Date: 11 Nov, 2015

    * the two-year renewal requirment means that many of our current IGs need to reconsider their chairs.

  • Ingrid Dillo's picture

    Author: Ingrid Dillo

    Date: 12 Nov, 2015

    I rather like the idea of the renewal of IG-chairs, although it might not always be easy to find volunteers. If I e.g. look at the IG Certification that I co-chair, my feeling is that this is a very loose group with continuously changing membership. People come and go, so there is also a danger that a group like that might loose momentum when you cannot find enthousiastic volunteers to continue the work.

    Furthermore I do not know whether you should specify the term region? Or is that clear for everyone?

  • Andrew Treloar's picture

    Author: Andrew Treloar

    Date: 19 Nov, 2015

    I was assuming that we would use the same regions as for TAB elections: "

    1. Region
      There should be between 2-5 TAB members who represent each region (Europe / Africa, Americas, Asia / Australasia)"

    But we should probably spell that out.

  • Mark Parsons's picture

    Author: Mark Parsons

    Date: 20 Nov, 2015

    Right. Use the TAB regions, but we should be clear.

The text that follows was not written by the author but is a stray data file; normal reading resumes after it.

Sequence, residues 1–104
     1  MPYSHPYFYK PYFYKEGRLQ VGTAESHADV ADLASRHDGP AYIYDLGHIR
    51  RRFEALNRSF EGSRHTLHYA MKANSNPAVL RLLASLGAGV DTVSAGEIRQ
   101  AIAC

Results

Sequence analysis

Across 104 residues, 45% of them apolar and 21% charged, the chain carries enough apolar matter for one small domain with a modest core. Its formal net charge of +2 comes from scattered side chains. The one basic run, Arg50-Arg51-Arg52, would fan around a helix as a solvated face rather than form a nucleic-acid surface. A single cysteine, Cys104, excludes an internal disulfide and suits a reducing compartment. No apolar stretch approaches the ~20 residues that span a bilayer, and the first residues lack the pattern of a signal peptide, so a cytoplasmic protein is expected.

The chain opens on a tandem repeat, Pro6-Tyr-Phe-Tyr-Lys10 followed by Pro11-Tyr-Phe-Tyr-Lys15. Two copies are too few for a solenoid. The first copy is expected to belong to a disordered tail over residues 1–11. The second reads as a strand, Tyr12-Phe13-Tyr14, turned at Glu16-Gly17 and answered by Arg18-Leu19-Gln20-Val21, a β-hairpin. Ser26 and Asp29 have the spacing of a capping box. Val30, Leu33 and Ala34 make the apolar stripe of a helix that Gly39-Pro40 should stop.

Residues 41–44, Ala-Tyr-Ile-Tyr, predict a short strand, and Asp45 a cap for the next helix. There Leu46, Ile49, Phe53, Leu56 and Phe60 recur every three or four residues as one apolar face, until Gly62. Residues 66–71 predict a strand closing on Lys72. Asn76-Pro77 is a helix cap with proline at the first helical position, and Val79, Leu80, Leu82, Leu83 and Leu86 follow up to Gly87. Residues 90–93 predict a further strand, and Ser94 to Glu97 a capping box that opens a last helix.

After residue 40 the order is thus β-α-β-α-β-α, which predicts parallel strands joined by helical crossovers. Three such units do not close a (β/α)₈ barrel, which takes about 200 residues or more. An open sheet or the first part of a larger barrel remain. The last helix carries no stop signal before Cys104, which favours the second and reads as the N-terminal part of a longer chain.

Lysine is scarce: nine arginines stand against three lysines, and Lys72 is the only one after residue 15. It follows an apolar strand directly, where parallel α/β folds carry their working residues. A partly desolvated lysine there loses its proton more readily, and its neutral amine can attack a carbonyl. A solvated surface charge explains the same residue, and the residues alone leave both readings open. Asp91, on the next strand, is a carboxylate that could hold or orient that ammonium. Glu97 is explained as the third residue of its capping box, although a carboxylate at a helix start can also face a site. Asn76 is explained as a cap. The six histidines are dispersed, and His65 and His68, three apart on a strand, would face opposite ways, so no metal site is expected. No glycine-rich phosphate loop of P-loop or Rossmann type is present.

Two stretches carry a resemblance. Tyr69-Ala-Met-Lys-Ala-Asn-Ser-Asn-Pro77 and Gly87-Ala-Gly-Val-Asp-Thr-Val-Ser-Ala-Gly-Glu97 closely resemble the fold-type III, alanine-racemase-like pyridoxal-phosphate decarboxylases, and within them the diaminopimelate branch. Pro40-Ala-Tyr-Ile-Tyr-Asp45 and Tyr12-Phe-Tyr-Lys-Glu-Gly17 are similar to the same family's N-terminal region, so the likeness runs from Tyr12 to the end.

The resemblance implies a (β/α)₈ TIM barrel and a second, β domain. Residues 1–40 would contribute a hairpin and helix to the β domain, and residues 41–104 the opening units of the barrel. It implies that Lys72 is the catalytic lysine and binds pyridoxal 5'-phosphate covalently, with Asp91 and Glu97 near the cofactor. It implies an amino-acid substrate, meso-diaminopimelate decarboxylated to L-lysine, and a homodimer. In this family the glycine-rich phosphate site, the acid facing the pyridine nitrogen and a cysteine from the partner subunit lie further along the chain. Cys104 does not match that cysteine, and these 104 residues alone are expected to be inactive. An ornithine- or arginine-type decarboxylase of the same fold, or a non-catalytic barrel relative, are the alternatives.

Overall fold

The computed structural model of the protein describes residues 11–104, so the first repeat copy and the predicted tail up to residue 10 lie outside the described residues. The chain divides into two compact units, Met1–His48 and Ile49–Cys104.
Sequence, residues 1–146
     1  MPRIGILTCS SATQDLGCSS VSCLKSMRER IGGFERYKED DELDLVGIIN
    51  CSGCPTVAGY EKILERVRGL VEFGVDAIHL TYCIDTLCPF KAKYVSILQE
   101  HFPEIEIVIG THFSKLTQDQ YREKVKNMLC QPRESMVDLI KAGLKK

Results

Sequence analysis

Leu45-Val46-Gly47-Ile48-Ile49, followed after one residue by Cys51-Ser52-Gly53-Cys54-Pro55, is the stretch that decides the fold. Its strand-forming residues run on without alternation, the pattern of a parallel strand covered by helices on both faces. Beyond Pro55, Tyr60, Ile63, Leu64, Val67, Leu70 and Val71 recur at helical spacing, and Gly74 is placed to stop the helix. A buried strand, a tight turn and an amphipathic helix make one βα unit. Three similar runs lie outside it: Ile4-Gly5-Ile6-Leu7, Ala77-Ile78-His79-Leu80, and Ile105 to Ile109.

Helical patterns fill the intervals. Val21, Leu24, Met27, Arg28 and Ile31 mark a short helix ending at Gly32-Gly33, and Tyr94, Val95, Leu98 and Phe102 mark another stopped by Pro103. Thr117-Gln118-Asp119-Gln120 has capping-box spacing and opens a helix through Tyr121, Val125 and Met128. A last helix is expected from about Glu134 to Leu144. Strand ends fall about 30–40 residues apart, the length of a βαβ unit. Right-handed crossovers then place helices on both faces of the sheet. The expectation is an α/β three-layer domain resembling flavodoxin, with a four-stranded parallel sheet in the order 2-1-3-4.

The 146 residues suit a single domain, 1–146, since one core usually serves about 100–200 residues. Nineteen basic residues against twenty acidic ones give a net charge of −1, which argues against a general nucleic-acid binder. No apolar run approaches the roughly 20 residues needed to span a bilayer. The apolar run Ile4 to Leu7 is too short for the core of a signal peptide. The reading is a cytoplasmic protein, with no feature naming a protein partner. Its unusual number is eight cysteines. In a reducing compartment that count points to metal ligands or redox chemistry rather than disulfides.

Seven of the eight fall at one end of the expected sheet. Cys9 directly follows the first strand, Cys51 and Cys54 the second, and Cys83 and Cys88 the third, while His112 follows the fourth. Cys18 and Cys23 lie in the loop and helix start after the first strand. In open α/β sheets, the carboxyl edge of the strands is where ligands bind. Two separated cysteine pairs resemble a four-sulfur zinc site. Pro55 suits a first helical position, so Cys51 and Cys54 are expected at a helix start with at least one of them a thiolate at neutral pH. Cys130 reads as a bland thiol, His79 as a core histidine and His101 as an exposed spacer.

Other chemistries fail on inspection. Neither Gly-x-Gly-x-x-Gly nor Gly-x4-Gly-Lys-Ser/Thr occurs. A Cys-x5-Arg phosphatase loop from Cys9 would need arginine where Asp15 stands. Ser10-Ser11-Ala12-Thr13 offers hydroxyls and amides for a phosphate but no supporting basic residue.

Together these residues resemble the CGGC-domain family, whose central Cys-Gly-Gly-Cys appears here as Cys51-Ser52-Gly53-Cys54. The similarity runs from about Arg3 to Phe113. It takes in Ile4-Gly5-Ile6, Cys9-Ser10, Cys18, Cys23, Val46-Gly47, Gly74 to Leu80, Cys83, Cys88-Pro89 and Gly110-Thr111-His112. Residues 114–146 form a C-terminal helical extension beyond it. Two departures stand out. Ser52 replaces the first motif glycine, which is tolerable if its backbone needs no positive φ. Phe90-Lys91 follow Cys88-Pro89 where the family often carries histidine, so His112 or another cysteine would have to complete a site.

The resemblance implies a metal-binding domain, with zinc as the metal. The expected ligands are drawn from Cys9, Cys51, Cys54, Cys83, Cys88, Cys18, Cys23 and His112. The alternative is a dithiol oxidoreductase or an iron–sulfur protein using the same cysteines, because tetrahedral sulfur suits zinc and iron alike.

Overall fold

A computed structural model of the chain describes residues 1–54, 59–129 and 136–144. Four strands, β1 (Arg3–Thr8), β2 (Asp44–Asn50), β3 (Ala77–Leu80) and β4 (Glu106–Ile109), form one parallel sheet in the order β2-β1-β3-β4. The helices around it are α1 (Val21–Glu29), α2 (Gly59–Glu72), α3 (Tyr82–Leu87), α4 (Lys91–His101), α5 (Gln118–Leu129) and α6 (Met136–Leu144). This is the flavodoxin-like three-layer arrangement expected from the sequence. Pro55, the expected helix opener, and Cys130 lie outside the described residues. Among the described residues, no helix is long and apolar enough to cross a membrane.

• Mark Parsons's picture

    Author: Mark Parsons

    Date: 20 Nov, 2015

    I'm not sure there needs to be a new chair every 2 yrs, but it should at least be considered. The current chair could still continue. 2 year 7erms but no term limits.

  • Wenbo Chu's picture

    Author: Wenbo Chu

    Date: 26 Nov, 2015

    I think I have seen RDA principles somewhere. It's not easy to find quickly. Maybe add a hyperlink?

  • Peter Wittenburg's picture

    Author: Peter Wittenburg

    Date: 16 Feb, 2016

    Voting would be required perhaps in extreme cases when it turnes out that a group does not function any longer. In general we need to stress the "rough consensus" principle. Why is voting problematic: we often have many registered members but it is quite normal also in similar initiatives that a number of core people are driving such groups and that others are more in an observing role. Also the group of active people changes over time due to vrious circumstances - mostly since people changed job and have new responsibilities.